Jensen Ackles, Kim Rhodes and more Supernatural stars feature on Recovering with Friends, a classic rock cover compilation created by musician Jason Manns. Manns went through the album track by track with us to share some details about recording with the cast.

Music has always been a huge aspect of the Supernatural phenomenon, both on-screen and off. The show’s classic rock backbone — on The WB, a network that, at the time, was dedicated to showcasing the latest indie pop and marketing those soundtracks to teen viewers — was a prominent part of creator Eric Kripke’s original pitch, and it remains a touchstone for Supernatural’s identity to this very day.

With that in mind, it makes all the sense in the world that the Supernatural cast’s off-screen engagement with their fandom is often heavily rooted in music as well. Many — and I mean many — of the show’s lead and recurring cast are musicians, which is a major factor of why Supernatural-specific conventions famously stand apart as something very unusual on the scene.

At any given Supernatural convention, you’ll see a live band on stage the entire weekend, playing musical interludes to introduce panels, and you’ll attend a concert on the Saturday night: not, like some cons, a “wizard rock”-esque celebration of fandom music (not that there’s anything wrong with that) but instead just a straight-up rock show, featuring covers and original tunes performed by the musically inclined guests — usually, every single actor in attendance.

Jason Manns is not, in fact, an actor on the show, but he’s a staple of these events nonetheless, because he’s a huge part of why this musical convention culture even exists. Manns is an old friend of actor Jensen Ackles – the pair met at a party in 2002, when they were both starting out in LA, and immediately began jamming together in private.

When Ackles was offered his first Supernatural convention appearance in 2007, Manns, familiar with musical performances by the talented cast of the Buffy-verse through another friend Christian Kane, asked about the possibility of music at these events, and was invited along. A video of the pair performing together at a friend’s wedding had already gone somewhat viral, and when Manns brought a shy Ackles onstage to sing in person for the fans, the rest was history.

Eleven years later and the Supernatural conventions have, along with fostering new friendships that lead to TV spin-offs and stuff, become a hive of musical cross-pollination. Supernatural star Rob Benedict’s band Louden Swain serves as “house band” all weekend long, as Benedict and partner in crime Richard Speight Jr. MC the entire event, and Manns is a guest of honor, with his own panel to kick things off.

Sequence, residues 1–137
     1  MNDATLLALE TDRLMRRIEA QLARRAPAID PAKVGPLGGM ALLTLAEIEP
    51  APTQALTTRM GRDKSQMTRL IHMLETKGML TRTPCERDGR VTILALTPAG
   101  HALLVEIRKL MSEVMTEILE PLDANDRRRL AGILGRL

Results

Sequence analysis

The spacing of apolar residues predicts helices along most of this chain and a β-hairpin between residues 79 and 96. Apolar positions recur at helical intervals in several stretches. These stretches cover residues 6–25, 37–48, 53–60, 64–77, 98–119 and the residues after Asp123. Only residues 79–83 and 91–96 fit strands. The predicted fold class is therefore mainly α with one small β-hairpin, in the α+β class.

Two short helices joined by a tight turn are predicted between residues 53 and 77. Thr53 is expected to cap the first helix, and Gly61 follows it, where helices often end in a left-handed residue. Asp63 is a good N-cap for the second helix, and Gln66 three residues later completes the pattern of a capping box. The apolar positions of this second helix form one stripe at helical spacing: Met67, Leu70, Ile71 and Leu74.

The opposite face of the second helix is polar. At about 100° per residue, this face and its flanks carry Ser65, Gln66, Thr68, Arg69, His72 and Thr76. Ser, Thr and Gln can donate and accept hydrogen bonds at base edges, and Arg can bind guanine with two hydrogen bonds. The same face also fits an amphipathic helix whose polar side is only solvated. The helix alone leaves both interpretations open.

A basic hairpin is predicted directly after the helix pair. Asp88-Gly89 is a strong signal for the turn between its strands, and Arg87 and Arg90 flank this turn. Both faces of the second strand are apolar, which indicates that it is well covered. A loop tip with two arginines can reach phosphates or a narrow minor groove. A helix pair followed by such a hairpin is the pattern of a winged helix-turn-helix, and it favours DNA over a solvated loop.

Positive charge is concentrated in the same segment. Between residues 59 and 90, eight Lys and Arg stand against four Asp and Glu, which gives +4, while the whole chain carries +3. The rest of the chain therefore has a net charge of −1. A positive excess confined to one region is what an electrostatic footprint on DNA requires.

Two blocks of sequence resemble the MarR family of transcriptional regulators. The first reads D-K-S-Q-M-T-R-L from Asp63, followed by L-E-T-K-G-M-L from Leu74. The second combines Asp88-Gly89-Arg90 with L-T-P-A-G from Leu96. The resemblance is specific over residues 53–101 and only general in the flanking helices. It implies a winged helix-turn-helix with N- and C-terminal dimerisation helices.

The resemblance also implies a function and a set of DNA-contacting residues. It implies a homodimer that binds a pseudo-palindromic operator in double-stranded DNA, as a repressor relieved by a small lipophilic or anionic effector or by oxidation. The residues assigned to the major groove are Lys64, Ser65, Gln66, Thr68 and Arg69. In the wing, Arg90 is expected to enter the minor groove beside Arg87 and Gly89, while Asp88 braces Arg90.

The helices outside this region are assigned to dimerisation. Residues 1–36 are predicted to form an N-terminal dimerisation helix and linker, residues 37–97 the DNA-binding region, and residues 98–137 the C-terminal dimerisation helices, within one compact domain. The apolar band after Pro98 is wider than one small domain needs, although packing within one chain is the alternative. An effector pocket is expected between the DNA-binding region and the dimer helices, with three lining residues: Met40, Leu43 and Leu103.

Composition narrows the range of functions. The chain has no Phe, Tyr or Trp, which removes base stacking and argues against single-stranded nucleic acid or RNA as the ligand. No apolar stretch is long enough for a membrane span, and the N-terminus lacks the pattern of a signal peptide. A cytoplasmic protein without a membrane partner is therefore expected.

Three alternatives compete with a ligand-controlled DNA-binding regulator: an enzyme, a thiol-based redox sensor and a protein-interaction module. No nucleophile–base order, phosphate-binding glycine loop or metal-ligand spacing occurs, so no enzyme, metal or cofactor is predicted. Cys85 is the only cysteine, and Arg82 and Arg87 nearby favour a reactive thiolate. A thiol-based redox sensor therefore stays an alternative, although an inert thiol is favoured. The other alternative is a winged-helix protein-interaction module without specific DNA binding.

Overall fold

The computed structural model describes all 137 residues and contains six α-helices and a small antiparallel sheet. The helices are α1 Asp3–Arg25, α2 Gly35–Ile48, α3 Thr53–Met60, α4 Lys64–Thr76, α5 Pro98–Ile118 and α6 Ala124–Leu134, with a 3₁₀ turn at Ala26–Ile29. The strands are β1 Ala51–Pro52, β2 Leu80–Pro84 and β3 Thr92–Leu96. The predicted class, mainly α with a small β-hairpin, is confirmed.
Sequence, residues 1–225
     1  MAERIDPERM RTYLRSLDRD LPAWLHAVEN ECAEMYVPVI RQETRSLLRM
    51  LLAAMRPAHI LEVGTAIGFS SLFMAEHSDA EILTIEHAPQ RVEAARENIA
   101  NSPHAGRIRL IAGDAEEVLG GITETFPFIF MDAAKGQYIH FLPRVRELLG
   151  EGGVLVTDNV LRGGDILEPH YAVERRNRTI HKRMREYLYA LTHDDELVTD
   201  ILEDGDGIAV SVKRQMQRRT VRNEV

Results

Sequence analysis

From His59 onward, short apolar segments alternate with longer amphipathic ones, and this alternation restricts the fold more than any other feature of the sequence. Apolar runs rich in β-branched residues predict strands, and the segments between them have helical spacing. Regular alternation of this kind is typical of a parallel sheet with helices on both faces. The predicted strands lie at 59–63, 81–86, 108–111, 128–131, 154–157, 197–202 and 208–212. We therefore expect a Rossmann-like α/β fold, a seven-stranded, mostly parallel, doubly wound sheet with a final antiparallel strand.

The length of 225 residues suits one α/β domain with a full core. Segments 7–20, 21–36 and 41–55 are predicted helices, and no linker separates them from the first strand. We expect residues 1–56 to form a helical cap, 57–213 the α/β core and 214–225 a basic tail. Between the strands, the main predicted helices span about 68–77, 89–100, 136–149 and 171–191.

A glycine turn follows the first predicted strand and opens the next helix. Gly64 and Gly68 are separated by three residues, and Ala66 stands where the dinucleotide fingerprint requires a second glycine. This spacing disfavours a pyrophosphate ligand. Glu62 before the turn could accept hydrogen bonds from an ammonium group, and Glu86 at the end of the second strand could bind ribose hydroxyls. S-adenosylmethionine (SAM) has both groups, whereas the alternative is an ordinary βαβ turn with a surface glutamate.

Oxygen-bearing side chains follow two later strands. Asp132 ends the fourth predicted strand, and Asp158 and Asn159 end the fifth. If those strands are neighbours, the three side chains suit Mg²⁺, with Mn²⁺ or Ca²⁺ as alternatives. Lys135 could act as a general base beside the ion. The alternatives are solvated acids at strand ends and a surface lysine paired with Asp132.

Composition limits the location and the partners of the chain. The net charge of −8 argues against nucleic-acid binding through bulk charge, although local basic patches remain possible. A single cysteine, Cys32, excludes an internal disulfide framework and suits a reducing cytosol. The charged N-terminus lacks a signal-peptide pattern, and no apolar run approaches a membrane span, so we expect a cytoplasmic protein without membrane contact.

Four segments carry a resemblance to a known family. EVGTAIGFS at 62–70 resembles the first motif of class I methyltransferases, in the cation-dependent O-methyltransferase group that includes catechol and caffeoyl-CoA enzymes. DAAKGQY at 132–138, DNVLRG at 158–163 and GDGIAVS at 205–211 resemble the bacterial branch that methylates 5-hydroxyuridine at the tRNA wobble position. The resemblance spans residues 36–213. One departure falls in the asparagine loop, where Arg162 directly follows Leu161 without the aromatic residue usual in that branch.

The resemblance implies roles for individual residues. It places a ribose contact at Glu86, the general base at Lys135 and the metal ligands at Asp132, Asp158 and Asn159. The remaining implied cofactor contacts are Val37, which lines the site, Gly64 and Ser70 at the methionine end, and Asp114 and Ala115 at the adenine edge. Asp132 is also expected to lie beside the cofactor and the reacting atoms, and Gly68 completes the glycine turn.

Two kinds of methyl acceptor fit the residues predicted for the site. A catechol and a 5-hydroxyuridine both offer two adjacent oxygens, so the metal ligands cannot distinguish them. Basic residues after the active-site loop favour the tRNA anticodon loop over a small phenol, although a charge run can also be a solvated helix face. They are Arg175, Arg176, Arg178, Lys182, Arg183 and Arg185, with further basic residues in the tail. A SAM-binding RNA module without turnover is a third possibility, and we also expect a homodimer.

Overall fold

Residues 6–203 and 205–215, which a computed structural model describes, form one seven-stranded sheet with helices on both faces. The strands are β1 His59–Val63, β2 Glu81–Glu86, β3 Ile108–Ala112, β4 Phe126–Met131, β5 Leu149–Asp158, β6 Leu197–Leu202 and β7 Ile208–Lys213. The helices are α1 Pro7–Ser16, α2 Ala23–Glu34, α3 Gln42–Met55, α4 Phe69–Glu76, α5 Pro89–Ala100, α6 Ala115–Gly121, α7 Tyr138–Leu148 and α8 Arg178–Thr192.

Artists who have met through the Supernatural con circuit have gone on to collaborate, forming new bands of their own and producing each other’s records, and Manns in particular has a knack for drawing the actors out of their shells and molding some who had never even sung in public before into genuine rockstars, onstage and in the studio — Ackles, who was once only confident singing back-up harmonies, can now do, well, this, and he’s just the tip of the iceberg.

Jason Manns’ music is, rather ironically, somewhat comparable to the indie crooners that Eric Kripke was originally trying to eschew, but nonetheless, it’s been featured in the show, in a very tongue-in-cheek way, as Dean chides Sam for “douching up” the Imapala with an iPod dock and soft, sensitive music. In reality, his music is extremely listenable — as is Louden Swain’s — and both artists have hordes of fans who discovered them via Supernatural but who now follow their careers in their own right.

However, in order to make the convention gigs even more accessible, both for the audience and for the actors that they tempt up onstage, the musicians pepper their sets with cover songs, and it’s this practice that led to the creation of Manns’ “Covers” series – full studio albums featuring the cast on a compilation of cover songs that he facilitates, orchestrates and curates.

First up was a Christmas album — Christmas with Friends, which is a good sight better than any Christmas carol album has the right to be — and then Covers with Friends, featuring mostly rock songs that Manns and the Supernatural cast have performed onstage before or since. The third installment, Recovering with Friends, has just been released, and Manns was kind enough to provide us with an exclusive track-by-track breakdown of the ten songs he chose for the album.

“I actually picked all of the tunes for this album, which wasn’t the case on the other two Covers with Friends albums,” Manns told us via email.

“I had a big list of potential tunes I wanted to do and then I sent a shortlist of 2 – 3 choices and then the singers would pick the one they liked the best. There were only two that I can remember that were a single tune sent with a “Please sing this one, please. If you hate it you don’t have to sing it, but I think you’ll sound awesome on it?” that those were ‘Renegade’ and ‘Cripple Creek.'”